Today the Public Health Council of the Massachusetts Department of Public Health voted unanimously to ban toxic BPA in baby bottles and cups, making Massachusetts the 8th state to do so. However, this measure is inadequate as it still leaves infants and toddlers vulnerable to exposure to the toxic BPA in infant formula and baby food packaging. It also does nothing to reduce exposure to pregnant women, problematic because a significant time for concern about BPA exposure is during fetal development.
Produced in quantities of about six billion pounds each year worldwide, BPA is one of the most widely used chemicals of all time. During the past decade, an explosion of research has explored the connections between BPA exposure particularly before birth and in early childhood and the health problems that are increasingly afflicting U.S. residents. In particular exposure to BPA before birth has been found in laboratory studies to predispose animals to cancer; alter brain development; and lead to early puberty in female animals. Male animals exposed in the womb produce less testosterone, have larger prostate glands, and make fewer sperm than unexposed animals. Studies have also shown a correlation between BPA and obesity, diabetes and cardiovascular problems.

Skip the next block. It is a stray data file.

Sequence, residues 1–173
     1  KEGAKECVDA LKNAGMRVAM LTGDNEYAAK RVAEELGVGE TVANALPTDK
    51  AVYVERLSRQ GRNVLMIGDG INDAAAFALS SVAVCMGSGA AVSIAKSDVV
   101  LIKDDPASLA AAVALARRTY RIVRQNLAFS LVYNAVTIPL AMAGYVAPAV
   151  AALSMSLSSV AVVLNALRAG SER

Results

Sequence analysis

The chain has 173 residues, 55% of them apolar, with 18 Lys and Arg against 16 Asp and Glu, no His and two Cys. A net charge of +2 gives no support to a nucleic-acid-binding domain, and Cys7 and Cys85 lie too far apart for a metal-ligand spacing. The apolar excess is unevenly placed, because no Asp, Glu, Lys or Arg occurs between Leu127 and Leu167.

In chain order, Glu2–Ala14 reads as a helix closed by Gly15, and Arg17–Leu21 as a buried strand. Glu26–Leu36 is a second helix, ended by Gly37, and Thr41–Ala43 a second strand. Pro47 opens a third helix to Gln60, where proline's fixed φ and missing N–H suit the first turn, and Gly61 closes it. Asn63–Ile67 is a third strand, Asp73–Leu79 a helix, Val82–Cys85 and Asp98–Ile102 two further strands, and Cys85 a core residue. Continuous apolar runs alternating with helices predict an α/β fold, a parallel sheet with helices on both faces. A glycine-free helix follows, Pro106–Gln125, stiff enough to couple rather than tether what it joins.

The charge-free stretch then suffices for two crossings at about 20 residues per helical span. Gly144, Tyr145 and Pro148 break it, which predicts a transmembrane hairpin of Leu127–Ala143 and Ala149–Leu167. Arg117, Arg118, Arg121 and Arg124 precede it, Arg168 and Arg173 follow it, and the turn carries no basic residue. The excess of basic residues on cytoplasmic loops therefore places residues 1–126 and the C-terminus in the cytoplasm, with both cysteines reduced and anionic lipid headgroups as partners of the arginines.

A new study was released giving new meaning to the phrase "toxic assets." On The Money: BPA on Dollar Bills and Receipts set out to investigate the extent to which thermal receipt paper containing bisphenol A (BPA) has permeated the market, and whether this hormone-disrupting chemical is escaping onto the money that lies close to these receipts in people's wallets.
Researchers found that half of the thermal paper receipts tested had large quantities of unbound BPA; 95% of the dollar bills tested positive for lower amounts. Unlike BPA in baby bottles and other products, BPA on thermal paper isn't chemically bound in any way: it's a powdery film on the surface of receipts. Data from this report indicate that this highly toxic chemical does not, in fact, stay on the paper, but rather easily transfers to our skin and likely to other items that it rubs against.Read more...
Toxic chemical legislation is not just for the fringe anymore.
It's a mainstream problem, and is being solved across the country on the state level by cooperation from both sides of the political aisle.
Today, we released a report (pdf) in conjunction with Safer Chemicals, Healthy Families and SAFER States which shows that 18 states have passed 71 chemical safety laws in the last eight years by an overwhelming, bipartisan margin.